The Connecting Through Art in Dementia Care Program Is Providing Patients with a Sense of Purpose

The London Arts Council and McCormick Care Group have partnered up to provide individuals with dementia an opportunity. Working alongside artists, dementia patients are becoming co-creators of visual art, drama, dance, and music.

This program, known as Connecting through Art in Dementia Care (CAIDC), draws on the memories of dementia patients in order to create new memories. This program is allowing individuals with dementia to both create and collaborate — supporting prior research in relation to art and music therapy

CAIDC Offers Individuals with Dementia a Creative Outlet

Providing art experiences for individuals with dementia, CAIDC offers twelve-week collaborative projects that focus on the participants’ interests, experiences, and memories. Available to clients of the day program at McCormick Home, they offer the largest dementia day program in Ontario.

As stated by Catherine McInnes of the London Arts Council, the program was not designed to achieve any medical outcome. They’re also not focused on teaching new skills. This program is more of an opportunity to just create and engage in something rewarding.

Art provides people with a moment of relaxation as they become immersed in the moment. With a grant that they received through the Ontario Ministry of Seniors Affairs, the London Arts Council was able to hire and train 20+ artists and educators. From improvisation workshops to visual art classes, they aim to benefit as many seniors as possible.

Art and Music-Based Therapeutic Interventions for Individuals with Dementia

Regards of one’s age or health, music and art enrich people’s lives. Encouraging engagement and self-expression, these therapeutic tools are particularly beneficial for people with dementia. Music is particularly powerful, helping to reduce agitation and improve behavioral symptoms.

Even individuals living in the late stages of Alzheimer’s often respond to a song they once enjoyed. Some begin to tap to a beat, while others sing the lyrics. However, one report found that only 5 percent of care homes are using music therapy effectively.

As stated in this review, published in Translational Neurodegeneration, music therapy is a non-pharmacological intervention with a long history of use for dementia patients. Many articles have shown that music therapy can reduce cognitive decline. This is particularly the cases regarding episodic and autobiographical memories.

Caregiver Tips

A promising strategy for individuals with dementia, particularly Alzheimer’s, this therapy option should begin as soon as possible. If you are caring for someone with Alzheimer’s, here are a few tips to keep in mind:

  • Play music that your loved one is familiar with and enjoys. However, select music without commercials, as this disruption can cause confusion. You should also eliminate any other noises to avoid sensory overload (i.e. turn off the television).
  • Play music that matches the mood in which you would like to create. For example, tranquil music can help create a calming environment, whereas a more upbeat song from your loved one’s childhood can lift their spirits.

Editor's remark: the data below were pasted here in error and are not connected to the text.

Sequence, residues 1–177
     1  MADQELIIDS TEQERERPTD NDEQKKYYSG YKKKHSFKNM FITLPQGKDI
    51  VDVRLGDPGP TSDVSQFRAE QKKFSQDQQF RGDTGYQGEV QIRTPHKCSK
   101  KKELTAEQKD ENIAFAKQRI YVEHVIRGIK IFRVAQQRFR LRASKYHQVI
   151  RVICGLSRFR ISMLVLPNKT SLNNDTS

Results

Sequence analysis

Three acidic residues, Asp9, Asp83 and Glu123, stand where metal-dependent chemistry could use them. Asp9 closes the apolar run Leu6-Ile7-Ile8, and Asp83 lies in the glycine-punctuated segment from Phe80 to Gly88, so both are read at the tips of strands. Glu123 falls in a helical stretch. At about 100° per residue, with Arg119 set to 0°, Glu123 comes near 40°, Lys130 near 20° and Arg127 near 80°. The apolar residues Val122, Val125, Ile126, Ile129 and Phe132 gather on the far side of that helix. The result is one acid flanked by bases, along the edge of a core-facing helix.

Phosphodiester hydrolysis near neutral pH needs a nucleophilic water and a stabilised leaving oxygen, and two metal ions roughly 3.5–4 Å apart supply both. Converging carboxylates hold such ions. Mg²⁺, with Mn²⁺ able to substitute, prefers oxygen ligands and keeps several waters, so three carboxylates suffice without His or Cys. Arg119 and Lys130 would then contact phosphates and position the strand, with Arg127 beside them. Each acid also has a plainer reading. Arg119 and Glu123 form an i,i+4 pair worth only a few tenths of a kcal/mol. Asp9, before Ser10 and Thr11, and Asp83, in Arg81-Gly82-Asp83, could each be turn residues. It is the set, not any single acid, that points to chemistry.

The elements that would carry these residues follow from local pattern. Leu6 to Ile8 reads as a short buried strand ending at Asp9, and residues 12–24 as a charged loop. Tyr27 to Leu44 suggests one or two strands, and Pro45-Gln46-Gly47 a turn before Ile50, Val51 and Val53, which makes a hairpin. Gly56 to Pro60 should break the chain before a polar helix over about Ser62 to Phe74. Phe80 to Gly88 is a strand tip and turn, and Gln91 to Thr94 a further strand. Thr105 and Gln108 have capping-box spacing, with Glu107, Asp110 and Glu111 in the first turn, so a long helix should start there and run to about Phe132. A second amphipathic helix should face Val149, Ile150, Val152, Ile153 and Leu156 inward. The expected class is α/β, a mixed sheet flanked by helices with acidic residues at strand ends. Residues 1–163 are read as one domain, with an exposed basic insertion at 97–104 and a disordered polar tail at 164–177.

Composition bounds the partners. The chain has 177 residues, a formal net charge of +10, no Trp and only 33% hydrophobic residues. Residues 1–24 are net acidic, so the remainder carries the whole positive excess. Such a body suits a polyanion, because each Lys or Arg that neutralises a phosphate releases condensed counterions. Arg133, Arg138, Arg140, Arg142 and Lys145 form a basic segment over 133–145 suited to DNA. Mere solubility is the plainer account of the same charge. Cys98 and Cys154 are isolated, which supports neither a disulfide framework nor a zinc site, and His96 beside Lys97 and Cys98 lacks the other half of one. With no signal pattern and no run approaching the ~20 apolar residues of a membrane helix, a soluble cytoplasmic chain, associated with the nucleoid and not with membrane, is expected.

• Encourage dancing, clapping, and other forms of movement.

Not sure if your loved one is suffering from dementia? Please review the BrainTest® app in relation to early intervention. This assessment tool can help individuals detect possible early warning signs in relation to Alzheimer’s, dementia, and other cognitive impairments.

What About Art Therapy?

Whether an individual has dementia or not, art allows us to express ourselves. While creating artwork, patients with dementia can benefit by feeling a greater sense of purpose. It is also an opportunity for them to spend quality time with their caregivers.

Once again, there has been plenty of research conducted in relation to art therapy and symptoms of dementia. This study focused on the effects of sculpture-based art therapy in dementia patients. What they found was that several aspects of well-being improved in the sculptural activity group but not the control group.

These improvements were seen in relation to their mental state and ability to concentrate, as well as their level of self-reliance and self-esteem. They also experience improvements in relation to their corporeal memory and physicality. Like many related studies, the researchers concluded that this is an area that requires more attention.

The benefits of music and art therapy are immense in relation to dementia. Helping patients overcome social withdrawal is just one core benefit, in addition to increased concentration, alertness, self-awareness, and even improved reminiscence. Problematic symptoms also decrease, including aggression, pacing, agitation, etc.

For more information, please reference the following articles:

Krista Hillis has a B.A.Sc degree, specializing in neuroscience and psychology. She is actively involved in the mental health and caregiving community, aiming to help others. Krista is also passionate about nutrition and the ways in which lifestyle choices affect and influence the human brain.

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